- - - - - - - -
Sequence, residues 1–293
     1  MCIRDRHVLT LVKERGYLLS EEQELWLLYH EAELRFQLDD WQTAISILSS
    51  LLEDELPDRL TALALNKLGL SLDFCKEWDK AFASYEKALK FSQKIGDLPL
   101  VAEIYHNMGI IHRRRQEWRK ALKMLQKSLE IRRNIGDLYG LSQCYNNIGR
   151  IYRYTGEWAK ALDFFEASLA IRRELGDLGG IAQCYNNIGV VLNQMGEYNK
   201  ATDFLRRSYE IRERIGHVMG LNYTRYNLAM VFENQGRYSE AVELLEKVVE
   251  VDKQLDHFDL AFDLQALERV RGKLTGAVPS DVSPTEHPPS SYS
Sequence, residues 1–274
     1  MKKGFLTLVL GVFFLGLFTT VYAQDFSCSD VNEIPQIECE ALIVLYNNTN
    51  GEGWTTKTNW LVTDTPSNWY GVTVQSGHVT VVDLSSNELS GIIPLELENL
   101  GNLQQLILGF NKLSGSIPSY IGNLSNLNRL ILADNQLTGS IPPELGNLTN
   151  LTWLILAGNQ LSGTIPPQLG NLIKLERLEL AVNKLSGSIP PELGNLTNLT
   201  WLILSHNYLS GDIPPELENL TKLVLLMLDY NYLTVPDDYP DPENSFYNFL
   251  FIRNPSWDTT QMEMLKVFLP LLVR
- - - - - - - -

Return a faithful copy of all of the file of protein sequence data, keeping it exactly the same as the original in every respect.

Sequence, residues 1–293
     1  MCIRDRHVLT LVKERGYLLS EEQELWLLYH EAELRFQLDD WQTAISILSS
    51  LLEDELPDRL TALALNKLGL SLDFCKEWDK AFASYEKALK FSQKIGDLPL
   101  VAEIYHNMGI IHRRRQEWRK ALKMLQKSLE IRRNIGDLYG LSQCYNNIGR
   151  IYRYTGEWAK ALDFFEASLA IRRELGDLGG IAQCYNNIGV VLNQMGEYNK
   201  ATDFLRRSYE IRERIGHVMG LNYTRYNLAM VFENQGRYSE AVELLEKVVE
   251  VDKQLDHFDL AFDLQALERV RGKLTGAVPS DVSPTEHPPS SYS
Sequence, residues 1–274
     1  MKKGFLTLVL GVFFLGLFTT VYAQDFSCSD VNEIPQIECE ALIVLYNNTN
    51  GEGWTTKTNW LVTDTPSNWY GVTVQSGHVT VVDLSSNELS GIIPLELENL
   101  GNLQQLILGF NKLSGSIPSY IGNLSNLNRL ILADNQLTGS IPPELGNLTN
   151  LTWLILAGNQ LSGTIPPQLG NLIKLERLEL AVNKLSGSIP PELGNLTNLT
   201  WLILSHNYLS GDIPPELENL TKLVLLMLDY NYLTVPDDYP DPENSFYNFL
   251  FIRNPSWDTT QMEMLKVFLP LLVR